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Copyright Law Favors Oracle as It Faces Off with Google in Supreme Court

Curt Levey - September 25, 2020
On October 7th, two famous tech companies, Google and Oracle, will battle in the Supreme Court over the copyrightability of computer code. It is a landmark case that gives the justices a unique opportunity to confirm our nation’s deep commitment to property rights, the original understanding of the Constitution’s Copyright and Patent Clause, and sound textualist principles of statutory interpretation. Google v. Oracle America arises from Google's decision to copy more than 11,000 lines of computer code from the Java SE software platform without obtaining a license. One of the most...

A Guillotine for the American Dream

Carl Szabo - September 24, 2020
It used to be the American way that anybody with a dream could work hard and achieve success. We look back on the Fords and Carnegies as pioneers of the American entrepreneurial spirit. But lately, American tech companies forged from that same entrepreneurial flame face renewed calls for and from the government to attack big business, regardless of their impact on society. As anti-capitalist protesters set up a French revolution-style guillotine outside Jeff Bezos’ home, the Department of Justice rushes an antitrust filing, and Congress drags America’s tech innovators by their...

Pennsylvania Democrats Want to Empower Lawyers, Not Voters

Adam Brandon - September 23, 2020
A ruling last week by the Pennsylvania Supreme Court all but guaranteed that we will not know the results of the 2020 presidential election on the night of November 3. In response to challenges from the Pennsylvania Democratic Party, the court extended the deadline for acceptance of absentee ballots to three days after Election Day. That’s a prescription for trouble, because if this year’s primaries — in which more than half a million mail ballots were rejected — tell us anything, it’s that in-person voting remains the smartest way to go about presidential...
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Unemployment is Improving Far Faster Than Projected – Unlike After the Great Recession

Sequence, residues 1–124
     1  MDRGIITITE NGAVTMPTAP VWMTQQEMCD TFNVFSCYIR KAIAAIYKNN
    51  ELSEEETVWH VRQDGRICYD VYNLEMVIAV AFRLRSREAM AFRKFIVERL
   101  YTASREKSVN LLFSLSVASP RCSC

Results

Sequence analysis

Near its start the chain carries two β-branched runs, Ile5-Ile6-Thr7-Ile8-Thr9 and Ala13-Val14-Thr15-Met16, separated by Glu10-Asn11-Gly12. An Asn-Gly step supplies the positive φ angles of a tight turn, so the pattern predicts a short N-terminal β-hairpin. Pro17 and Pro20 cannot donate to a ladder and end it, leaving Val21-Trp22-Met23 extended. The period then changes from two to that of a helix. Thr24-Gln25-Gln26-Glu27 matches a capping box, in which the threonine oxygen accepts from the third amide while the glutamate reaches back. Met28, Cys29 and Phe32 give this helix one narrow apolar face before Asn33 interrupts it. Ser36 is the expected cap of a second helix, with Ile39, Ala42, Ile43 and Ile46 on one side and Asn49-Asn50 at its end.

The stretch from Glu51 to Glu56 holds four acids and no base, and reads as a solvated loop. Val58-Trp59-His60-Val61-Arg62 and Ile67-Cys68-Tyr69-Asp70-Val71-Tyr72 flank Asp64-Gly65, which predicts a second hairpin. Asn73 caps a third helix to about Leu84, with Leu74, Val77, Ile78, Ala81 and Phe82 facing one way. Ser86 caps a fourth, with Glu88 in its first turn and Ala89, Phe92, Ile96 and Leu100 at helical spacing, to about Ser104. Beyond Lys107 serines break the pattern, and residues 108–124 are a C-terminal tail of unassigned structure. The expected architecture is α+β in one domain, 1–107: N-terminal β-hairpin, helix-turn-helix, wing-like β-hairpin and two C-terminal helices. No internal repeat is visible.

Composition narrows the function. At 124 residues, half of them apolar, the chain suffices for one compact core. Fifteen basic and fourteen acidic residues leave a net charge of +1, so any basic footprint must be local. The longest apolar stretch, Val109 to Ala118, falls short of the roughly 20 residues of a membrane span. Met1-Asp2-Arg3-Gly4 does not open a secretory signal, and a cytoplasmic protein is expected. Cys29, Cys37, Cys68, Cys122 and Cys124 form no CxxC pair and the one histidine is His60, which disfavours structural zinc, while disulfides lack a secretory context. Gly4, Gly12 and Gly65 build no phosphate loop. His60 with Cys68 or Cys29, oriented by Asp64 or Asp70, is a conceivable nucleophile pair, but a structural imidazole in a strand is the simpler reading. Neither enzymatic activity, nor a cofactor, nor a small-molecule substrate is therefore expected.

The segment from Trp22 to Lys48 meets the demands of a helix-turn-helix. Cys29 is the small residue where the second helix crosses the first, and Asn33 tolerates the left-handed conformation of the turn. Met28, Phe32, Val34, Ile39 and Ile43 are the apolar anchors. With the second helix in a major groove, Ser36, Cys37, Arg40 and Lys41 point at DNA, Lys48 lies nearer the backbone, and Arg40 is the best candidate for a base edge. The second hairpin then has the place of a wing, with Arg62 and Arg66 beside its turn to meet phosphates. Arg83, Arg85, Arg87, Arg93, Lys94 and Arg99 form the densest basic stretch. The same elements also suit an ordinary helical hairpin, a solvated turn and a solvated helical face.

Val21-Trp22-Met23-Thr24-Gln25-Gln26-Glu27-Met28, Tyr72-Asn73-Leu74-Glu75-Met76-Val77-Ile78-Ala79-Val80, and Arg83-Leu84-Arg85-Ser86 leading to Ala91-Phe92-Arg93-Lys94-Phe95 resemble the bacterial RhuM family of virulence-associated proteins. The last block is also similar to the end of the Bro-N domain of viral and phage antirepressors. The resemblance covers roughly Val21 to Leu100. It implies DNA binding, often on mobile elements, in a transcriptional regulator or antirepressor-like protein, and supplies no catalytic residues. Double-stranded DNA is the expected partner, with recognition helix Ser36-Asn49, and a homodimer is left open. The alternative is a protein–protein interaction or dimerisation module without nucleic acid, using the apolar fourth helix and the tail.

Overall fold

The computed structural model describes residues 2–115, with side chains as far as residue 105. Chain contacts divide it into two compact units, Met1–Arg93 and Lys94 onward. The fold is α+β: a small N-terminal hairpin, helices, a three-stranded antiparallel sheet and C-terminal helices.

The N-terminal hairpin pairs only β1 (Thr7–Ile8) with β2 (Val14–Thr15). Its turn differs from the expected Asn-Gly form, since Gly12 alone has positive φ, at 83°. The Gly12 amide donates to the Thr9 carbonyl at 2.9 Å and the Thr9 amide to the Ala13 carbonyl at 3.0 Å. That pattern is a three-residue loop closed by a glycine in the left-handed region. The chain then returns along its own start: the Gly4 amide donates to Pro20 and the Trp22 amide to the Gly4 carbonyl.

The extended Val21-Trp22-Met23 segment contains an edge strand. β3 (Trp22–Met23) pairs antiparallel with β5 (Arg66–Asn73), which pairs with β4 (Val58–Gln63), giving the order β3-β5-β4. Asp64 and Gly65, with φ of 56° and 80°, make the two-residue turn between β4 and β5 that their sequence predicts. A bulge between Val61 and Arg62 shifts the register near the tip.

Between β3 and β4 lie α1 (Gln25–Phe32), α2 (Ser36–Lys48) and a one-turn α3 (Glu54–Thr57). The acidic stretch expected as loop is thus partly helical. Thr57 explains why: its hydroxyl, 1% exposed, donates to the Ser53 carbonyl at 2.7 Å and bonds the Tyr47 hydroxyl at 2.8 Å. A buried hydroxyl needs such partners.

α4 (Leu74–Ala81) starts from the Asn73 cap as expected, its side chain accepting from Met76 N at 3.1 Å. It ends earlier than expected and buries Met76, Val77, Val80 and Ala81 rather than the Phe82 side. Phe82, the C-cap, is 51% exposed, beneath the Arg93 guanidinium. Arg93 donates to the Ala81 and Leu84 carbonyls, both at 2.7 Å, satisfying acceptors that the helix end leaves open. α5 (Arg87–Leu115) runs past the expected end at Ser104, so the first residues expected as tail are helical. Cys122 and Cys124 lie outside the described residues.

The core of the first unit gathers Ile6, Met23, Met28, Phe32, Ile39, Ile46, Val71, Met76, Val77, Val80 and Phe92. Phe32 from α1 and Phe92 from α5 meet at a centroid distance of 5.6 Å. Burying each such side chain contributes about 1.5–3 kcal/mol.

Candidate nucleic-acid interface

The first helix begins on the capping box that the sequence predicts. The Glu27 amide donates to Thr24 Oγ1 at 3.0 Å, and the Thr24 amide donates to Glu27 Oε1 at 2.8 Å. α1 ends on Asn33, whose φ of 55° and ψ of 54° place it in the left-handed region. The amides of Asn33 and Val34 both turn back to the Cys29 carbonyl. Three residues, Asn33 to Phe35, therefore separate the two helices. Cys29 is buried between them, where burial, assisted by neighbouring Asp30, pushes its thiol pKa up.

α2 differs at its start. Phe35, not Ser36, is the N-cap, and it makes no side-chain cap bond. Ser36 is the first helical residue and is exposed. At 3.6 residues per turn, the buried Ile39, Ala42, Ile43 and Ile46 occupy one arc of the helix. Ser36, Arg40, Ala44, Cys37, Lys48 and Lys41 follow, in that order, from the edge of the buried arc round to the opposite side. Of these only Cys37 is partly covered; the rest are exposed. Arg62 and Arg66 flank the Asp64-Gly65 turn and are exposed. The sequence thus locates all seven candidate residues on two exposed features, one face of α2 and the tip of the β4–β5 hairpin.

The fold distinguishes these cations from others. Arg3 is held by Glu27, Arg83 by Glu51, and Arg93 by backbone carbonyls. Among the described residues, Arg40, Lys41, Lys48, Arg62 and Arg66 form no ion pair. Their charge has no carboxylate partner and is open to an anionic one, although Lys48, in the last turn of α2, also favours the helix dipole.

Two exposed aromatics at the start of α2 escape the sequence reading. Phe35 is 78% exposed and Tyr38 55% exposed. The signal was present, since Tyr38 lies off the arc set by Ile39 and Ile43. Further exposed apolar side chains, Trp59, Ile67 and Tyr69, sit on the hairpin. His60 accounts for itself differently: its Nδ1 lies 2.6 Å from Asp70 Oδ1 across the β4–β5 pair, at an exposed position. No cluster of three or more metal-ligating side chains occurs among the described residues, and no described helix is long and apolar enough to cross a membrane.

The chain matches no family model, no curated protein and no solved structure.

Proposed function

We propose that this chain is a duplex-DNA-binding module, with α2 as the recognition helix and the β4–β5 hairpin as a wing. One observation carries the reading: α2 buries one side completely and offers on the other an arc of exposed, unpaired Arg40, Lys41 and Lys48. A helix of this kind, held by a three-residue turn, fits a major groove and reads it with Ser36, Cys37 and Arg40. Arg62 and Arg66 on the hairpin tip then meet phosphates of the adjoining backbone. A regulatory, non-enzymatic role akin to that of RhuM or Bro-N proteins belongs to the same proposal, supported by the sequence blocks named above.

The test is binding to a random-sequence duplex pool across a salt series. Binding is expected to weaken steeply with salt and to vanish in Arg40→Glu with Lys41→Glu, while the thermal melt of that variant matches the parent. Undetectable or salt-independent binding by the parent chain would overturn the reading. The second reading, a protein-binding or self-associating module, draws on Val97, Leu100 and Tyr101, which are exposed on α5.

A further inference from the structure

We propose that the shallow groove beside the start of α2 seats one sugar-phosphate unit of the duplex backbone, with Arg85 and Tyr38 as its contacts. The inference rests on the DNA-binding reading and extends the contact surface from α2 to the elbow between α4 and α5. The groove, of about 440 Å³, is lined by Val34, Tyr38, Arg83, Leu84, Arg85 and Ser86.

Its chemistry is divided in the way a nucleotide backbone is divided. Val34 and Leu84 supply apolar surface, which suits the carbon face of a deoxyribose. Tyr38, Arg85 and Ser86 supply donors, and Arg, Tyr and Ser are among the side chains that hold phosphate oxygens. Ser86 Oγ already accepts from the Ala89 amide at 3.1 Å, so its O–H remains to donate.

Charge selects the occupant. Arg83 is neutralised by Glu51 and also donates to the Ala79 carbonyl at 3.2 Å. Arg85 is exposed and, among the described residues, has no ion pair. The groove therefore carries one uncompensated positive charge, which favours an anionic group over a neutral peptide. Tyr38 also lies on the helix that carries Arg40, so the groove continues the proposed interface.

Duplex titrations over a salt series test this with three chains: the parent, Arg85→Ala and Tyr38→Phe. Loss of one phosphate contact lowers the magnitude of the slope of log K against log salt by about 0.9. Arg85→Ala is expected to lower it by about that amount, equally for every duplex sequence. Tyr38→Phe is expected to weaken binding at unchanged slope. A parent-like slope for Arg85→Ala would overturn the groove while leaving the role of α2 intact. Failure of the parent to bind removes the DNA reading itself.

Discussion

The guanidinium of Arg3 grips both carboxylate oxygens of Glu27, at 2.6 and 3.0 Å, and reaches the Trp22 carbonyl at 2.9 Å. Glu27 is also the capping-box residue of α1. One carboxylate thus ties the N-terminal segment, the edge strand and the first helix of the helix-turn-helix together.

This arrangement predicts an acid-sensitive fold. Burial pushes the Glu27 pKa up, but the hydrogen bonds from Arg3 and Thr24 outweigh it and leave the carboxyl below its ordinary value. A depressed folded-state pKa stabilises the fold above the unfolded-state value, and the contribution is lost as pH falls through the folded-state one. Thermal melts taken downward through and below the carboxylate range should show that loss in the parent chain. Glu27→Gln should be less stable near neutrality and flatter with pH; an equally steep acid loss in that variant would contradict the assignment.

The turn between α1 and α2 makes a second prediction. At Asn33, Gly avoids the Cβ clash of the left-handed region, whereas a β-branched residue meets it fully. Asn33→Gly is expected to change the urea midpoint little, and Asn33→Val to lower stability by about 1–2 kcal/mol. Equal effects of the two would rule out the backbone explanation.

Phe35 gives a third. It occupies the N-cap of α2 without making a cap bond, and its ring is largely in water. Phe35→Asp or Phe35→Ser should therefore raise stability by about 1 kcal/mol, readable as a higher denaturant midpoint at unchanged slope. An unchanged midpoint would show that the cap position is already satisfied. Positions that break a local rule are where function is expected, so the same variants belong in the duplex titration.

Matt Weidinger - September 23, 2020
Current unemployment rates show the US job market is bouncing back from the coronavirus recession far faster than experts recently predicted. That stands in stark contrast to 2009, when Americans experienced much higher unemployment rates than projected by proponents of the Obama stimulus plan. As Democrats’ February 2009 stimulus law was in its final drafting stages, the lead economists for the incoming Obama-Biden administration released a report summarizing their expectations for the “Job Impact of the American Recovery and Reinvestment Plan.” That January 2009 report...


US Leadership in AI Is Not Guaranteed, But It’s Possible. Here’s How.

Will Hurd & Robin Kelly - September 22, 2020
The United States is the global leader in artificial intelligence. We have an innovative private sector, world class universities and remain the top destination for international AI talent. However, American leadership is no longer guaranteed. In fact, Eric Schmidt and Bob Work, the chairman and vice chairman of the congressionally established National Security Commission on AI (NSCAI), wrote, “[T]he United States is in danger of losing its global leadership in AI and its innovation edge.” The Chinese Communist Party is the biggest threat to America’s leadership in this...

California's Job Killing Legislation Is Already Hurting Other States

Ericka Andersen - September 22, 2020
California’s job-killing AB-5 law, which has already shuttered jobs for as many as 1 million state residents, is influencing other states to weaponize similar regulatory laws against independent contractors.  I live in Indiana, and I'm already losing work with major clients. After being commissioned to write a story for Good Housekeeping Magazine, I began working on it — scheduling interviews and sketching an outline. Days later, I received an email informing me that Hearst, the magazine empire that owns Good Housekeeping and 25 other prominent titles, no longer hires writers...

How to Save – and Improve – the Textile Industry

Jen Sidorova - September 17, 2020